It would be helpful if a WeakReference could include a delegate which would be invoked when the primary target went out of scope. As far as I know, there's no way to do that. If you don't mind adding another field and a little code to the objects you're storing within your "weak dictionary", I'd suggest creating what I call a "Finasposer" object, whose sole field is a MethodInvoker; when disposed, the MethodInvoker should be nulled out; the finalizer should Interlocked.Exchange() the MethodInvoker to null and--if its old value was non-null--invoke it. The object to be written in the dictionary should create a new Finasposer object, with a delegate that will cause the key to be removed from the dictionary when convenient.

Note that the neither the finalizer nor any delegate invoked thereby should never directly manipulate the dictionary, nor do anything that would require acquiring a lock. If the Finasposer holds a delegate, that delegate itself is guaranteed to be valid when Finalize executes, but the object attached to the delegate, and any objects referenced thereby, may be in unexpected states. It should be safe, however, for the Finasposer-called method to add to a linked list a reference to the object that went out of scope. The Dictionary's Add, Remove, and other methods could poll the linked list to see if any of the WeakReferences therein had died and needed to be cleaned out.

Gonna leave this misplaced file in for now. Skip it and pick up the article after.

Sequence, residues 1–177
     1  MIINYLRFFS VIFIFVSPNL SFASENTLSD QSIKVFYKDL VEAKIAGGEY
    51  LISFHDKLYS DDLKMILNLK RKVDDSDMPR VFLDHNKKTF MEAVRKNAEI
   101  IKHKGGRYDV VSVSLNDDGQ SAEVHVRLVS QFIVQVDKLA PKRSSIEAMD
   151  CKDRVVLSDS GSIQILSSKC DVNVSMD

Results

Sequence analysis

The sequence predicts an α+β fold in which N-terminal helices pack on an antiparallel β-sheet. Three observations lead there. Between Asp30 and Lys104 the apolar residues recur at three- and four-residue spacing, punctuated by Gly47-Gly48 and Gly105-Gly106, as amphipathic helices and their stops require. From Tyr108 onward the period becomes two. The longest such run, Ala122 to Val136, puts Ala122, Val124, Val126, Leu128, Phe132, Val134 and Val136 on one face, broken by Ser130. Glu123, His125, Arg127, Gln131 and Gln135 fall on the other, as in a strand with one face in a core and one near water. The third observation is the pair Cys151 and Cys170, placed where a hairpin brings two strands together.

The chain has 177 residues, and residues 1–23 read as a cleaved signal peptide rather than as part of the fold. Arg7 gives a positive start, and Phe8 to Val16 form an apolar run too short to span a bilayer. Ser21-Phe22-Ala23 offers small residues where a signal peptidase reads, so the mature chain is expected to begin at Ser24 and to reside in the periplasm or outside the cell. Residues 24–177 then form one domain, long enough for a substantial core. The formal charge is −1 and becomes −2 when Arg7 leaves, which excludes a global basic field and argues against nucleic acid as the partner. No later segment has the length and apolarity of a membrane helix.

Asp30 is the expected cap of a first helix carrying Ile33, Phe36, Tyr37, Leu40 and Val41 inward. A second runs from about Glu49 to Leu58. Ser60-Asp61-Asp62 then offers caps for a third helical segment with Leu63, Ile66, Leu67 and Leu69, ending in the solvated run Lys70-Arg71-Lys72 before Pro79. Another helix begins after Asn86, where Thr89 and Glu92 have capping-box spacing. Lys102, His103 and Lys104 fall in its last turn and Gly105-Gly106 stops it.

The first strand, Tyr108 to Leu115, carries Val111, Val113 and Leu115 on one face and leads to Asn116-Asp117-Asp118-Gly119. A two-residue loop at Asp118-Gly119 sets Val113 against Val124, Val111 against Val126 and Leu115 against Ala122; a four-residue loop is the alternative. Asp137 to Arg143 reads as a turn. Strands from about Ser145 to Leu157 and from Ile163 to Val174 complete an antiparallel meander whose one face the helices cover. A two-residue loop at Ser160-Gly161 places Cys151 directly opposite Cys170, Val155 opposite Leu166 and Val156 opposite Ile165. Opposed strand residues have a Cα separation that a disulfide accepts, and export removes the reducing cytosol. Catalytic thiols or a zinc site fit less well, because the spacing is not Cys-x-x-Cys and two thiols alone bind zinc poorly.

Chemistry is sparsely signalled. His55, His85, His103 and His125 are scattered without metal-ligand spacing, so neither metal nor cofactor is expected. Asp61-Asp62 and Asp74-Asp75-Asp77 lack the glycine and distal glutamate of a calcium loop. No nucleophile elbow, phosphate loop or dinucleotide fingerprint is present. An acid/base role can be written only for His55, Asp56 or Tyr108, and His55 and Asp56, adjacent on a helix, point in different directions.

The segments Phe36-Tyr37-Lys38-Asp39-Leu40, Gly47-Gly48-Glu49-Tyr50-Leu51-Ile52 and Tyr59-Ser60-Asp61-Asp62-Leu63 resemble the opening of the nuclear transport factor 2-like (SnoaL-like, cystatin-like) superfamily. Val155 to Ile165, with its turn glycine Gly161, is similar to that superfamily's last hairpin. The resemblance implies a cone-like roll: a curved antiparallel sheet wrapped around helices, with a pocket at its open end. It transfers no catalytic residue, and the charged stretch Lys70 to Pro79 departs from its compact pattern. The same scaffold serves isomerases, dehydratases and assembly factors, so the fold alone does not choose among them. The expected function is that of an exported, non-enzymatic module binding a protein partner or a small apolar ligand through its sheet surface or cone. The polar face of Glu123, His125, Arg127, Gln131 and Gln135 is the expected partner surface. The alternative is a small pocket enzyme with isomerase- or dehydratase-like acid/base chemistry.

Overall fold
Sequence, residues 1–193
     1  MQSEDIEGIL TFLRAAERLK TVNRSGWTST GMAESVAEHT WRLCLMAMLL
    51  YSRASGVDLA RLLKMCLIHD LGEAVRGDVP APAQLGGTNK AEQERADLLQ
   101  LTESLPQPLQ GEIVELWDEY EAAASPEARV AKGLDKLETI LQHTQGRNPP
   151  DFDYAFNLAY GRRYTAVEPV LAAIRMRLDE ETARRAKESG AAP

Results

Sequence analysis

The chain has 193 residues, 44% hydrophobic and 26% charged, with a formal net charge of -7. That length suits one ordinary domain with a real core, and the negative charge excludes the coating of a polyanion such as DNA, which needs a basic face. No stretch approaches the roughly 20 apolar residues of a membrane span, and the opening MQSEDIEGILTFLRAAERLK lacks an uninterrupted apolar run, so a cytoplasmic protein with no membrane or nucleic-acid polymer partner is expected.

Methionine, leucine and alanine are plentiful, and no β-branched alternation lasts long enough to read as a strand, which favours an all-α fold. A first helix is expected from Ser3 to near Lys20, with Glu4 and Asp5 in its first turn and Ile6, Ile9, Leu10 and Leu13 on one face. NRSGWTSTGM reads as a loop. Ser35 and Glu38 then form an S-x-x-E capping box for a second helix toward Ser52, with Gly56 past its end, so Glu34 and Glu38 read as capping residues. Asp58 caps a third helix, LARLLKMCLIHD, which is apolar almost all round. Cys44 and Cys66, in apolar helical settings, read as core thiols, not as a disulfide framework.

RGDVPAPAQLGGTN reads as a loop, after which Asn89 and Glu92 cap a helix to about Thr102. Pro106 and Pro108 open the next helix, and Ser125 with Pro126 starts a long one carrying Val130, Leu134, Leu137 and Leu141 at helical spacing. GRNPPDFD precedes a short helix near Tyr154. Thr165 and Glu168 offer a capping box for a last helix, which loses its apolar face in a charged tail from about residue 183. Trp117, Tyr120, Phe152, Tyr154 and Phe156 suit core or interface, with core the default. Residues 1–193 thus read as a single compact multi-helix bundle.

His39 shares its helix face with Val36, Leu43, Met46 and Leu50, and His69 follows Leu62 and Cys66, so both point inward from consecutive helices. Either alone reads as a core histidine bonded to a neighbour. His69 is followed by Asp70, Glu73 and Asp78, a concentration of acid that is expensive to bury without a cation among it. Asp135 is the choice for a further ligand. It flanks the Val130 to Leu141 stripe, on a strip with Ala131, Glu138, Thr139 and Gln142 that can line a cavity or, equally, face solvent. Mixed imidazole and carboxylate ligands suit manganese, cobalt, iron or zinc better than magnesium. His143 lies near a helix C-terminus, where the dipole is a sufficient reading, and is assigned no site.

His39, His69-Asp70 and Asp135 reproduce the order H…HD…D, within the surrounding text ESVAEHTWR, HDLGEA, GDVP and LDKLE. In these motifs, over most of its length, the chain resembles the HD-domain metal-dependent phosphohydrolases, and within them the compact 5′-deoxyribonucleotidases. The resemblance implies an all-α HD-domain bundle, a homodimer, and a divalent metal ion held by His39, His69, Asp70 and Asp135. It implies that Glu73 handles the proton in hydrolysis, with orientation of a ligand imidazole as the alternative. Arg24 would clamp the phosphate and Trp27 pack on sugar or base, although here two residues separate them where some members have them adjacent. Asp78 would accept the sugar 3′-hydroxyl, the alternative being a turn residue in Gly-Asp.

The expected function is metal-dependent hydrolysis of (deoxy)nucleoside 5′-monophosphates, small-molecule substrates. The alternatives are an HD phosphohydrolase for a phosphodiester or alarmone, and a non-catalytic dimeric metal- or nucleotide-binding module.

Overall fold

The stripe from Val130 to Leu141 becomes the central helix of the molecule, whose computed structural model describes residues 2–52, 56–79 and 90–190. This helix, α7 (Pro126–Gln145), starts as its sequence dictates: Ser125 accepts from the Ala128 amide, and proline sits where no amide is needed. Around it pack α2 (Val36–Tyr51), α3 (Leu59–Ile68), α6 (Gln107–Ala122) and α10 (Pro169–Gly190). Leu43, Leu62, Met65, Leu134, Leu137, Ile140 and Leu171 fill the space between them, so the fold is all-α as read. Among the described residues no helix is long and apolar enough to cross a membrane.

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There is way to have a notification after the object is collected. ConditionalWeakTable can help here. Please see my blog WeakTable for details. –  Vladimir Nesterovsky Jan 8 at 22:32

If identity comparison cannot be used then ConditionalWeakTable is not an option.

In this case I dare to suggest our implementation WeakTable.cs, and our description in the blog WeakTable.